Greetings. It's now four days since Google and Verizon published their joint policy proposal for an open Internet. Today, Google posted an additional document, addressing what they view as the misconceptions being promulgated in various negative reactions to the plan.
I am extremely disappointed.
However, my disappointment is not with Google, nor Verizon. I applaud the willingness of both firms to put forth their public proposal.
Rather, I am disappointed -- no, that's not a strong enough word -- I'm mortified -- by the level of vitriol, obnoxiousness, obscenity, and emotionally-laden, hyperbole-saturated rhetoric that is characterizing many of the negative responses to the proposal.
Most of this abuse appears to be heaped on Google, not Verizon -- perhaps reflecting the fact that most pro-Net-Neutrality groups have not held ISPs in particularly high esteem to begin with.
So Google is attracting the lion's share of attacks related to displeasure over the proposal. Calls of "They sold us out!" -- "They've gone evil!" -- "Google joins the Dark Side" -- and so on -- are mild compared to various of the obscenity-laced tirades that have been appearing in some venues.
I'm about as solid a proponent of Net Neutrality and Open Internet concepts as you'll find anywhere. I like some aspects of the Google/Verizon proposal, but I do have significant disagreements with aspects of the plan, particularly relating to elements associated with the suggested handling of wireless broadband and new differentiated online services.
As I noted a couple of days ago, it's clear that the Google/Verizon proposal -- and that's all it is -- concepts for consideration -- is largely the result of completely understandable, prolonged frustration at the dangerously vacuous status quo in the U.S. Internet broadband universe.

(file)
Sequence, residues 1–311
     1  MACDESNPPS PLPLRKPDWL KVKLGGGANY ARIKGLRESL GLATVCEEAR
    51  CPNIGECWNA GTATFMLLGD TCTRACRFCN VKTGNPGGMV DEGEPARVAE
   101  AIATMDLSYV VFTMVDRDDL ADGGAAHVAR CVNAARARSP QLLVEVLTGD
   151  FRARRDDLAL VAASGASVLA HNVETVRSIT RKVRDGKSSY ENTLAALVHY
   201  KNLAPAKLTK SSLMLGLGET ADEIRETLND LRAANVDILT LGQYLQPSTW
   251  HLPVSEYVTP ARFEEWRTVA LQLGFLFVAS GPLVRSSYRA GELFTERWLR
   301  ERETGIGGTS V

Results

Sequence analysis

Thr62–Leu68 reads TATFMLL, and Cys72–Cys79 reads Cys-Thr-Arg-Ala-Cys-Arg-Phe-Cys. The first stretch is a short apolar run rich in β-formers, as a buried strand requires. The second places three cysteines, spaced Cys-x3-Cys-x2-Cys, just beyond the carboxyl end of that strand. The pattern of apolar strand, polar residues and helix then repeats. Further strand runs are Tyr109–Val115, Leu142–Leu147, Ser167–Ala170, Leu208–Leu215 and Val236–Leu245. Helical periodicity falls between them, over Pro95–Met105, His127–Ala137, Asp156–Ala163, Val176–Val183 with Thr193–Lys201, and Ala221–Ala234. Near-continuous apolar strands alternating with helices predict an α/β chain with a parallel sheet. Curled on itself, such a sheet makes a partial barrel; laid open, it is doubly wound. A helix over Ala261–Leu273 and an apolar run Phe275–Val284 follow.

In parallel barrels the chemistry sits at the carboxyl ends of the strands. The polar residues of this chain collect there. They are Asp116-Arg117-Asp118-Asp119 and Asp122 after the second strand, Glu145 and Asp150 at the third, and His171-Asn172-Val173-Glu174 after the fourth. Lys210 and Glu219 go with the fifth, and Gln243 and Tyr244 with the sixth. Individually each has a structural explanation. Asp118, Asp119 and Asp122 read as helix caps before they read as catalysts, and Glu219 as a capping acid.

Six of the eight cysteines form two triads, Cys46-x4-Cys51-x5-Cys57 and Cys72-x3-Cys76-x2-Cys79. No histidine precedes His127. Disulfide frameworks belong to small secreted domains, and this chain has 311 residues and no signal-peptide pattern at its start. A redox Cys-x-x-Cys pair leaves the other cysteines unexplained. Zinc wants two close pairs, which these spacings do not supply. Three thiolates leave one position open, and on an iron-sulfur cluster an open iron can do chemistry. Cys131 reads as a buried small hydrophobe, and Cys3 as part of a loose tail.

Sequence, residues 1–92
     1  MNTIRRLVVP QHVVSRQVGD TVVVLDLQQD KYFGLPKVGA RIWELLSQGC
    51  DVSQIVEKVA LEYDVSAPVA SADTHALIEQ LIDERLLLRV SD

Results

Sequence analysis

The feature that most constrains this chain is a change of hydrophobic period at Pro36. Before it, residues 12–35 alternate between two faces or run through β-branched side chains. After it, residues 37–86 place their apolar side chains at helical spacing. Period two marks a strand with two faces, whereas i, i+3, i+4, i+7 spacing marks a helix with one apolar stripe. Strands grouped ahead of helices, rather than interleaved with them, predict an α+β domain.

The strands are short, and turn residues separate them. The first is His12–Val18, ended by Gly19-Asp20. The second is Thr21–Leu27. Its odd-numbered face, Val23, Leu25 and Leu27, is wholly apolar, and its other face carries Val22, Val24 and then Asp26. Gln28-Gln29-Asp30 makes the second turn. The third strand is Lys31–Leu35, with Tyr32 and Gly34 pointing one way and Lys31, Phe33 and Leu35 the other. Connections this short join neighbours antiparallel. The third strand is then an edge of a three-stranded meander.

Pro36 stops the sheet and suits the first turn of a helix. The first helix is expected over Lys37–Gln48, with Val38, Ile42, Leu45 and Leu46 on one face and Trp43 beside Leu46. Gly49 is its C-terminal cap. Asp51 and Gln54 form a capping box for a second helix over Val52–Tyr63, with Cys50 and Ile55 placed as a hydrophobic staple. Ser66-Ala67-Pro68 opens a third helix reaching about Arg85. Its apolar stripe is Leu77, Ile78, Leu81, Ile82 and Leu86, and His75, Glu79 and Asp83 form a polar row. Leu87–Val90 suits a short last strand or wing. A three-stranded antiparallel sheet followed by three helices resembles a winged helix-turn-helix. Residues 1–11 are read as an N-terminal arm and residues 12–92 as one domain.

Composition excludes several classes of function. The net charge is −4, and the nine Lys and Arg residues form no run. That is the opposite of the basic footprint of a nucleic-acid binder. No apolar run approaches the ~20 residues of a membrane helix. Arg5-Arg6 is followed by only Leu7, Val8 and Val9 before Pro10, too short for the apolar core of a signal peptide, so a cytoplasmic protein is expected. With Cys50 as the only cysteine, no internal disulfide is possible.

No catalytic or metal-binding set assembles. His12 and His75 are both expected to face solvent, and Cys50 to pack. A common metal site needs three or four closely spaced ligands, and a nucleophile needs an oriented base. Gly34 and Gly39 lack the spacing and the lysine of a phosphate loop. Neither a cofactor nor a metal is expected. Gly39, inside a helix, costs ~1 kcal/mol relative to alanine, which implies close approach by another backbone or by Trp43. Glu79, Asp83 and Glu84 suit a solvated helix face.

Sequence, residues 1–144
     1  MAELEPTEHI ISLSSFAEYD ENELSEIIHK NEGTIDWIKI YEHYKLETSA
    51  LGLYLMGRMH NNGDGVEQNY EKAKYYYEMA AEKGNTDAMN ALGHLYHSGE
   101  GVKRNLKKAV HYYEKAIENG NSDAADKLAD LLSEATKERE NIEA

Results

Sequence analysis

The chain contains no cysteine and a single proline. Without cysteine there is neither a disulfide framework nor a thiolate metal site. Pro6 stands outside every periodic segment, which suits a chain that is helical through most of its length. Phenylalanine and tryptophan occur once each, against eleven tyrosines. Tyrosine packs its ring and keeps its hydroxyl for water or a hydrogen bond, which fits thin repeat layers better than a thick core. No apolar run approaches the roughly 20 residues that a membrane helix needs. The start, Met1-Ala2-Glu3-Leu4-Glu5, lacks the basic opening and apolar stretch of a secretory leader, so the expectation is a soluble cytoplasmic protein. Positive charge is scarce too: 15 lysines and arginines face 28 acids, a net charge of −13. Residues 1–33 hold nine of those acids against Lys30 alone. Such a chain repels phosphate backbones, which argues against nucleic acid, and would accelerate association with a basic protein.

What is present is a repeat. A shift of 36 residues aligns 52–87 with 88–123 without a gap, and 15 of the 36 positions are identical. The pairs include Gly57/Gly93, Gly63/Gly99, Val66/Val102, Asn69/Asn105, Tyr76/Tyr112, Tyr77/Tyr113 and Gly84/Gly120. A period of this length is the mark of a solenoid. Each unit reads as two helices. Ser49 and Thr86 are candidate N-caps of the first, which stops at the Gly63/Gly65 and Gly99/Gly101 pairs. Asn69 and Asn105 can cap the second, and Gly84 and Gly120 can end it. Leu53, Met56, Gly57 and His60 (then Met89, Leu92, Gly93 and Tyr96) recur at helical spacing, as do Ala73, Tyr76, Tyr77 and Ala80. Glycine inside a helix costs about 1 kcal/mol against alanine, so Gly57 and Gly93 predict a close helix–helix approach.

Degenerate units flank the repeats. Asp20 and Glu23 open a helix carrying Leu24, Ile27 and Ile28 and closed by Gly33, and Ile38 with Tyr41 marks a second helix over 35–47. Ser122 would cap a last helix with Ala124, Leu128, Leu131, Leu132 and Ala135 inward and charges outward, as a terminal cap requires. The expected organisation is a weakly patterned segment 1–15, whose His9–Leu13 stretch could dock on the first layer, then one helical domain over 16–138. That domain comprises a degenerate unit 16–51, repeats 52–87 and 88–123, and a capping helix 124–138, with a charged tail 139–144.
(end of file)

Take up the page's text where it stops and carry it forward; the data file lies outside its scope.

As far as I'm concerned, this policy debate -- regardless of where you personally stand regarding the specific issues themselves -- is well served by straightforward public proposals like the one from Google and Verizon. The reasoned discussions that such proposals can foster are likely to be among the most important key components of any real, positive progress on these crucial matters.
But if the reward for publicly putting forth such concepts in good faith is mostly characterized by malevolent histrionic reactions -- rather than logical consideration of actual technical and policy effects -- we risk relegating broadband, Internet policies to the same virulent cesspool of political gamesmanship that has paralyzed the U.S. on other important issues ranging from immigration to civil liberties.
We must approach these matters with our brains, not our hormones -- with civility, not vulgarity. The former approaches may feel viscerally satisfying for a short time -- but they can generally be depended upon not to lead us toward solutions, but rather to march us right off the cliff.